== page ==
As well as making managers more grasping, I can think of three other effects parenthood may have, none of them especially good. Again, there seem to be no studies to test any of them, which is a pity, especially if you consider the drearily obscure things that management academics spend their lives researching. First, being a parent probably makes people more risk-averse, more inclined to take the steady career path rather than the more interesting one. Second, it may also make us marginally less creative – the pram in the hall being the enemy of good art, and all that. Since Cyril Connolly raised the matter in the 1930s, I haven’t seen anyone put it to rest. Third, it makes you conflicted. You are endlessly divided over how to allocate time – and anxiety. This last effect could make you a better boss as work is also about conflict and managing time, and therefore parents have a head start. Or it could mean that you simply give your family priority and never have quite enough left over to do the job properly. I’ve seen both effects in operation; which is more common I would dearly like to know.

Either way, for the royal couple it doesn’t matter much. For them there is no conflict. If you are a hereditary monarch, having babies is the most important part of the job. Traditionally, monarchs have hoped for boys. Yet I have scientific reasons for hoping the child Kate is carrying is not a boy. The Danish study shows that bosses behave better when they have girls. They take a much lower rise for themselves (3 per cent as opposed to 6 per cent) and are inclined to be generous, especially to their female underlings.

I have noticed this effect too, and it doesn’t stop when the children grow up. Indeed, I’ve known male managers who have never been keen on promoting women suddenly become bigger feminists than Simone de Beauvoir the minute their daughters join the workforce.

Fatherhood is no degree in management –

Why I’m proud to have no Klout –

kloutFunny and perceptive column by Lucy Kellaway on Klout and its attempts to measure influence in social media. Quote:

It is also hard to respect a system in which Justin Bieber (whose moronic Twitter page says: “you are always there for me and I will always be there for you. MUCH LOVE”) is the only human to have briefly reached a perfect score of 100. It is only a minor consolation that, following some recent tweaking of the algorithm, he has dropped a few points in order to allow Barack Obama to squeeze in ahead of him.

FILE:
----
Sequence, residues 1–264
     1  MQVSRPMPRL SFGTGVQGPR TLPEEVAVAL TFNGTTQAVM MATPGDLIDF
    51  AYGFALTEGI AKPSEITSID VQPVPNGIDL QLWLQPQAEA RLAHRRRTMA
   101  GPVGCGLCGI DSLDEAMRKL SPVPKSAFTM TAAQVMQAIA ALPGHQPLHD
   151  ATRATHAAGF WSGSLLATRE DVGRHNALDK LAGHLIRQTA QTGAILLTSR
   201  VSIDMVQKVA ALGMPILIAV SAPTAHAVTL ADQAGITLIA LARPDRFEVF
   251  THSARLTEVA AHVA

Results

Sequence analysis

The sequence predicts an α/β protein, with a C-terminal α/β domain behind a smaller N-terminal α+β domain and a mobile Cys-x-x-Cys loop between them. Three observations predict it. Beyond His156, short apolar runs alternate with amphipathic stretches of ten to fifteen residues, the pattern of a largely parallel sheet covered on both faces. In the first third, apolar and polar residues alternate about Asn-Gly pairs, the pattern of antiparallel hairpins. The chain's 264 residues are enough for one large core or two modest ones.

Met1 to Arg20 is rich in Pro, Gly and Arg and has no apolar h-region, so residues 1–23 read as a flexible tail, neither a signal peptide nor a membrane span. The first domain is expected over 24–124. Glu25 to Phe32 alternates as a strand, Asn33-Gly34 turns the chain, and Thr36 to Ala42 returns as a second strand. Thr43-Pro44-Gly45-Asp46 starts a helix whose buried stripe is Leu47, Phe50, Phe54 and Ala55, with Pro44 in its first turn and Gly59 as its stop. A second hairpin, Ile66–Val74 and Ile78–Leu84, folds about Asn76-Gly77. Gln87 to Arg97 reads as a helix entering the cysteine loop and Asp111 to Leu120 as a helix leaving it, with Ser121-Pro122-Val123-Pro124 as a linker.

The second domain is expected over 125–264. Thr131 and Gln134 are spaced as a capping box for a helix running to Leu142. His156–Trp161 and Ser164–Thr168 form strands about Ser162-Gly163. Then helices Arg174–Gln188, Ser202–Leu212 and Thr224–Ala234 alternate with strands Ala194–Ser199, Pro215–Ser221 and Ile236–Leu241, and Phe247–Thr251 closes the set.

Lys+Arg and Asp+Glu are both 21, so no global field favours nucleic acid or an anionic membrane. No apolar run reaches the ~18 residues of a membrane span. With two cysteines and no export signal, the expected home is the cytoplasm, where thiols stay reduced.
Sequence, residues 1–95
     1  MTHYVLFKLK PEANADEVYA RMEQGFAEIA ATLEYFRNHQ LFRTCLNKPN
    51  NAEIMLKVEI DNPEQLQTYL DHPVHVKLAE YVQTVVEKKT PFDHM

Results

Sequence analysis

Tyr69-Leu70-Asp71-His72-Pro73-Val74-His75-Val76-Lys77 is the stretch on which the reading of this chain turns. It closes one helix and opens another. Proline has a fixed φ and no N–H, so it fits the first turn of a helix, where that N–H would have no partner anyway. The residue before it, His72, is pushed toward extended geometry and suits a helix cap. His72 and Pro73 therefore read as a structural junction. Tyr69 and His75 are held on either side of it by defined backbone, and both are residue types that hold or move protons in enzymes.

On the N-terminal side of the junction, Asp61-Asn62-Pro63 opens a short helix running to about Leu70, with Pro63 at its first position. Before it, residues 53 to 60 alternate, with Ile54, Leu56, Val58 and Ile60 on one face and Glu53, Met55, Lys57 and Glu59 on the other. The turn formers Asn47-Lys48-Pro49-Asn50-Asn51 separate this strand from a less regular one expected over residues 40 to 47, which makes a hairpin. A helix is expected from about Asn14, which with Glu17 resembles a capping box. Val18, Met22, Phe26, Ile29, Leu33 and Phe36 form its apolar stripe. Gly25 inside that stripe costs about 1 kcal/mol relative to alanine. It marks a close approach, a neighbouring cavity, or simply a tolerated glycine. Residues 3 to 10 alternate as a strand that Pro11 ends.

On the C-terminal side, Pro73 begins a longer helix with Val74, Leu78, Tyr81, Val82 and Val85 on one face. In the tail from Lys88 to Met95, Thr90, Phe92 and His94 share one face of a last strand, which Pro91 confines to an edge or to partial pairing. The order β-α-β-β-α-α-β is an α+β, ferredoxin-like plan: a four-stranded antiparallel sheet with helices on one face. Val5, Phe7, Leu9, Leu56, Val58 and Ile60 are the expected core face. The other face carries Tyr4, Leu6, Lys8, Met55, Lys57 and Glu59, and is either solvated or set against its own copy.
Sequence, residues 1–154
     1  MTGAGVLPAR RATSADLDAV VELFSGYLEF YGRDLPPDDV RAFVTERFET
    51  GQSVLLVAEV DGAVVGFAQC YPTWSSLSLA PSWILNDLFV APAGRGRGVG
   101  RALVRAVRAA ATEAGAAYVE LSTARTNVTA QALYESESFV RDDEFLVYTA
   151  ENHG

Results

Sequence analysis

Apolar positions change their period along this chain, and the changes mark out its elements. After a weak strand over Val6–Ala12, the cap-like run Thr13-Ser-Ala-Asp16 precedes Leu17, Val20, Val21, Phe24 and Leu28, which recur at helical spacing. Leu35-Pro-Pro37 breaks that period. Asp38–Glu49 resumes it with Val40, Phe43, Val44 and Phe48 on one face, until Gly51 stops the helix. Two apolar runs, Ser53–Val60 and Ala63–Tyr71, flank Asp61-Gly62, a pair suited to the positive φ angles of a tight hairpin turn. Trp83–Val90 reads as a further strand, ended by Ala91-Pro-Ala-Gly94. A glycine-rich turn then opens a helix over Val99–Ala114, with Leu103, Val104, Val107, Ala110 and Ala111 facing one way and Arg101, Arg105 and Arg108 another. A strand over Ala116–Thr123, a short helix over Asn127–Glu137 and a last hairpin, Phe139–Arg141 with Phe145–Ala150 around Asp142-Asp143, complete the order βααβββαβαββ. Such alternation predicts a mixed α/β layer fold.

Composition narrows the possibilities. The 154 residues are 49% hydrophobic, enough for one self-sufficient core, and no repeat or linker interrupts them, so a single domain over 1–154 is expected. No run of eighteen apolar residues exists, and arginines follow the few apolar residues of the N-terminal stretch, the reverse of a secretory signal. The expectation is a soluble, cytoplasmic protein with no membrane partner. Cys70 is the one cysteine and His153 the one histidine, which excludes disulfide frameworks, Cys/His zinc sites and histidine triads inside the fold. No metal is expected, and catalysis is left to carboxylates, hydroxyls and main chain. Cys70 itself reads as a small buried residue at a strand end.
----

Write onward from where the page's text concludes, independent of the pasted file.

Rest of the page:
But the main problem with Klout is that it is a nonsense to try to boil down something as qualitative as influence into a single number. It fails to distinguish between someone who is influential in the world of dog biscuits and someone who is influential in defence policy: both are ranked the same.

Even more objectionable is what obsessing over Klout scores does to people: it makes them twitchy and stupid. On Twitter, every few seconds someone tweets: “My Klout score has just gone up two points!!!!” And then sycophants retweet these dreary messages and the scores rise even further.

For disclosure, my Klout score, last time I checked, was 48 – and I have many few readers and followers than Kellaway.

Why I’m proud to have no Klout –

Heard the one about women at the office? –

On humour, power and gender relations, a different take by Lucy Kellaway of the FT:

This all rings a distant bell, but I fear there is something more sinister at work. If laughter varies with gender, it varies even more with power. The single fastest way of understanding the balance of power and alliances in any group is by looking at who is laughing – and not laughing – at whose jokes. You only need to watch the Queen or Prince Charles meeting ordinary people to note that even the lamest pleasantry is greeted by gales of laughter. So, if other board members don’t laugh when their women colleagues crack a joke, it may not be because the joke isn’t funny but because boards can be hierarchical places and women are too low in the pecking order to command much in the way of fawning laughter.

Heard the one about women at the office? –

Good enough is better than perfection –

A fun piece by Lucy Kellaway, not tongue-in-cheek, about the obsession and distortion in perfection and being a perfectionist. Concluding quote:

In most things, being good enough requires quite a lot of effort. More recently, CEOs of Barclays haven’t been nearly good enough. Nor have most other bankers, or most other workers, or most products, or, come to that, most newspaper columnists. And most universities are nowhere near good enough either – they are increasingly places where students emerge with a lot of debt, having suffered more wear and tear on their livers than on their brains.

Good enough is better than perfection –